Adam Blatner

Words and Images from the Mind of Adam Blatner

Problems With Psychotherapy

Originally posted on September 4, 2013

Considering the challenges of counseling, let’s also consider the idea that there may be not just differences in the severity of illness, but rather different types of illnesses, as different as conditions caused by vitamin deficiencies and conditions caused by infectious agents (as I discuss on a webpage about the history of medicine.)

So let’s re-consider what tends to get lumped together as psychiatric disorder. First of all, of course, there are the most obvious ones, the major mental illnesses, such as schizophrenia, bipolar disorder, major depressive disorder, delirium (which is revers-able) and dementia (which is not, but it’s important to not miss a treatable delirium in elders—usually treatable by reducing their medicines!—from dementia.)

These more severe conditions are in truth still poorly understood. Certainly the treatments available are for the most part better than sixty years ago, but there are many controversies, many horror stories of overtreatment, many touted alternative treatments, some of which might be effective.

In addition, there are fuzzy boundaries among the categories which, though perhaps in some ways better than those used fifty years ago, are by no means valid in all ways. For example, some conditions are made worse by and confused with the consequences of un-diagnosed post-traumatic dynamics or the phenomena associated with illegal drug or alcohol abuse. Also, these conditions are complicated by too much or too little sensitivity or ability in various realms, and so forth.

Much of course of these disorders depends on corresponding presence or relative strength or absence of (1) degrees of voluntariness; (2) psychological mindedness; (3) the support by or undercutting of family and friends; (4) economic access to clinics, appointments, travel, time off from work or child care, etc.; and (5) aspects of ego strength—mainly, how much success has been enjoyed in life in any way, intelligence, etc.  I’ve found that people who are low on these variables are of lower prognosis are more difficult to treat. The point is that it’s not what’s wrong, it’s the proportion of variables that are healthier versus variables that reinforce illness—the vital balance, as Karl Menninger said.

The second group, a little overlapping with the first and third, are those who are moderately messed up from trauma and/or substance abuse or any other kind of addiction. The problem is that people with PTSD often numb themselves out, but this numbing in turn generates other kinds of major stress, such as jail or divorce or abandonment or loss of job, etc.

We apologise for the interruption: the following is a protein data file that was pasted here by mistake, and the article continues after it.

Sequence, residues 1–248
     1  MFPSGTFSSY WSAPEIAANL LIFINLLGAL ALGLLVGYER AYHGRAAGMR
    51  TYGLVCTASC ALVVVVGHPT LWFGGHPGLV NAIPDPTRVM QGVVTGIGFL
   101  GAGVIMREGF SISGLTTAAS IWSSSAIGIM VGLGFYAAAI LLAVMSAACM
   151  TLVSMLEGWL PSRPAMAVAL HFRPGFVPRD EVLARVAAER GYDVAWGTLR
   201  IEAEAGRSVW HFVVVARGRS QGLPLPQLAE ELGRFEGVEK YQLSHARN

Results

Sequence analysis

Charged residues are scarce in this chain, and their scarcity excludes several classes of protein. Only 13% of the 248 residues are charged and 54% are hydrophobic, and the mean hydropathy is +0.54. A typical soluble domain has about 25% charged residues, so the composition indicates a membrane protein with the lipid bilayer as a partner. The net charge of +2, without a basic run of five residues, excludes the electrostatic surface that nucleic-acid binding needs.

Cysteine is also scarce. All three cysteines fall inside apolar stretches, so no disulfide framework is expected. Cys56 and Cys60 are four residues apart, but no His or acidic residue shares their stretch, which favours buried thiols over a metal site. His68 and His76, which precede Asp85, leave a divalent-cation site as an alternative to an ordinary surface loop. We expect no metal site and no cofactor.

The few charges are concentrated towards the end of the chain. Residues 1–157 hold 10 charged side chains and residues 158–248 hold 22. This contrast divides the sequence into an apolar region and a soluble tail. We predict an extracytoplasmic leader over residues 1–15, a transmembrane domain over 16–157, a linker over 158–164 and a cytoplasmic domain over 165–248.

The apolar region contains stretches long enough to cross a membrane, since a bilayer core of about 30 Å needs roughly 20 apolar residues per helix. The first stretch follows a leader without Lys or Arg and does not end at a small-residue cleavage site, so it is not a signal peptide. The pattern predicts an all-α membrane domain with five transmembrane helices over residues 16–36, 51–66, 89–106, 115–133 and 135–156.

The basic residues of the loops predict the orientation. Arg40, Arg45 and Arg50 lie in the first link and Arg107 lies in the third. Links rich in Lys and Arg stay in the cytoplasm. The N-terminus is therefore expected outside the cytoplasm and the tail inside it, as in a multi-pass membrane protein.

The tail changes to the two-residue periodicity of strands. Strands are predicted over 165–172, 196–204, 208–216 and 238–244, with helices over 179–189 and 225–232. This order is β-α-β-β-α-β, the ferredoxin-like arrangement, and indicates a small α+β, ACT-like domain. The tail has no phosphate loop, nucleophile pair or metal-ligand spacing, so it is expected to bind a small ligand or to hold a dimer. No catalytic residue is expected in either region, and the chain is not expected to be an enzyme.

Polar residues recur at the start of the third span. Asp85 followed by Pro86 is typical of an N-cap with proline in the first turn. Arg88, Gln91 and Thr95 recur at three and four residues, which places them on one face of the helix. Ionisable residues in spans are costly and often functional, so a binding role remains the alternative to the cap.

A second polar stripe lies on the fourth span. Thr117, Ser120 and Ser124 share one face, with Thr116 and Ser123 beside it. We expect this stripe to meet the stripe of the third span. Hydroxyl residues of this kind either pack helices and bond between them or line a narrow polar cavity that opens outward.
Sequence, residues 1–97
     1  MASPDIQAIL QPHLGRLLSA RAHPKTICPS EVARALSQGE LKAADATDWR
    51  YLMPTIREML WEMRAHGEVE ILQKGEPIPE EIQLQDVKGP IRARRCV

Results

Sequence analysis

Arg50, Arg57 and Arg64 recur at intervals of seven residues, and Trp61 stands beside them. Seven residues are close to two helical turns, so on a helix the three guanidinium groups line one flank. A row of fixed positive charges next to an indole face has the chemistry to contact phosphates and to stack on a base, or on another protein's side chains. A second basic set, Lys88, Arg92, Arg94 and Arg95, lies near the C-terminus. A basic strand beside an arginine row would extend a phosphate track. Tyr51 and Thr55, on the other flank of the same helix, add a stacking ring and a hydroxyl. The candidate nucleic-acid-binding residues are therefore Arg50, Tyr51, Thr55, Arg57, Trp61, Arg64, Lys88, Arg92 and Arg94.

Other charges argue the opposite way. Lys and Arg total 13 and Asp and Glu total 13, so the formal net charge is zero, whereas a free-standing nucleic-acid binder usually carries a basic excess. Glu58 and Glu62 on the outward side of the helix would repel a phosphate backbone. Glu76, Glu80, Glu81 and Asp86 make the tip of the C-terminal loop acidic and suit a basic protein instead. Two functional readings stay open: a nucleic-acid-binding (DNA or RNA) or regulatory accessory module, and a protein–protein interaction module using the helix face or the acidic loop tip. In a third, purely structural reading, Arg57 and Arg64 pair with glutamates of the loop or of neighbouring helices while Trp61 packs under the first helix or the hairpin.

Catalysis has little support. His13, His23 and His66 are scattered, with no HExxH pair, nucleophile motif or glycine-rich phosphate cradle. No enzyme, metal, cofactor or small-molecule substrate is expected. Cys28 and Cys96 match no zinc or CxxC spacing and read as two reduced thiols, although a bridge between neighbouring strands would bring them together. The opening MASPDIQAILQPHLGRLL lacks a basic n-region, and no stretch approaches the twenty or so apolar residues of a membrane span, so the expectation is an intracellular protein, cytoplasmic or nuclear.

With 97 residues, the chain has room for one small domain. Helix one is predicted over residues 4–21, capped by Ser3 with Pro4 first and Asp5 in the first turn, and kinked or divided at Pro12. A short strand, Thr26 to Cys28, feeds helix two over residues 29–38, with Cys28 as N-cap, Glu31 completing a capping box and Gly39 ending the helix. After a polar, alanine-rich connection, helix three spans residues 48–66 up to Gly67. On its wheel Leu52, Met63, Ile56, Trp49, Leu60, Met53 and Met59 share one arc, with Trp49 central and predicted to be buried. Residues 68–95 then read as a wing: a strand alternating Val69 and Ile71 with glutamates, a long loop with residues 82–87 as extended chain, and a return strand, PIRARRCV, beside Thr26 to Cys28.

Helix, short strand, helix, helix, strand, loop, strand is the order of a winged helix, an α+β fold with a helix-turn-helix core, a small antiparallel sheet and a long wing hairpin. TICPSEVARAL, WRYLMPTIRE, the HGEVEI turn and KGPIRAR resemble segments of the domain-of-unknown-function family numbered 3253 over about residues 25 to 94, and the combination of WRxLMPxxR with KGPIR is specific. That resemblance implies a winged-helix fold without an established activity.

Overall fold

The third group also has many sub-categories. One of the main populations are those smart and relatively healthy people who want to overcome minor quirks in their personalities as part of holistic development. Most adults have such quirks and this sub-population sees “therapy” as a way to address them. Some of these folks also are therapists in training.

I would dare suggest that this type of “mental illness” is not really illness per se, considering that many clients can keep a job and pay the counselor! Is the disease model relevant here? Sure, there are a few elements in common with other psychiatric disorders, but then again one might lump together football and basketball insofar as they both involve a ball!

Again there are two sub-categories here: Those who really want to change and those who suffer, want relief, and want others to change. The second category disguises itself as the first but is far more difficult to treat.

The DSM being descriptive, in my opinion is an insufficient system of categorization, because it fails to differentiate according to the criteria of degrees and types of voluntariness, psychological mindedness, or ego strength, and I suspect that these sub-types account far more for the differences in how it all turns out (prognosis) than any criteria based on the type of expression of the symptoms. That is to say, it may not matter that much if the client is nervous (anxious) or depressed, compared to identifying what’s bothering him and his style of coping.

In summary, the problem of diagnosis in therapy is muddled, and in consequence, I am concerned that much of the literature on psychotherapy lumps together all these conditions and assumes that meaningful questions can be asked about what works. I doubt that this effort is any more meaningful than a pre-modern approach to medicine that views illness as an imbalance of humors.

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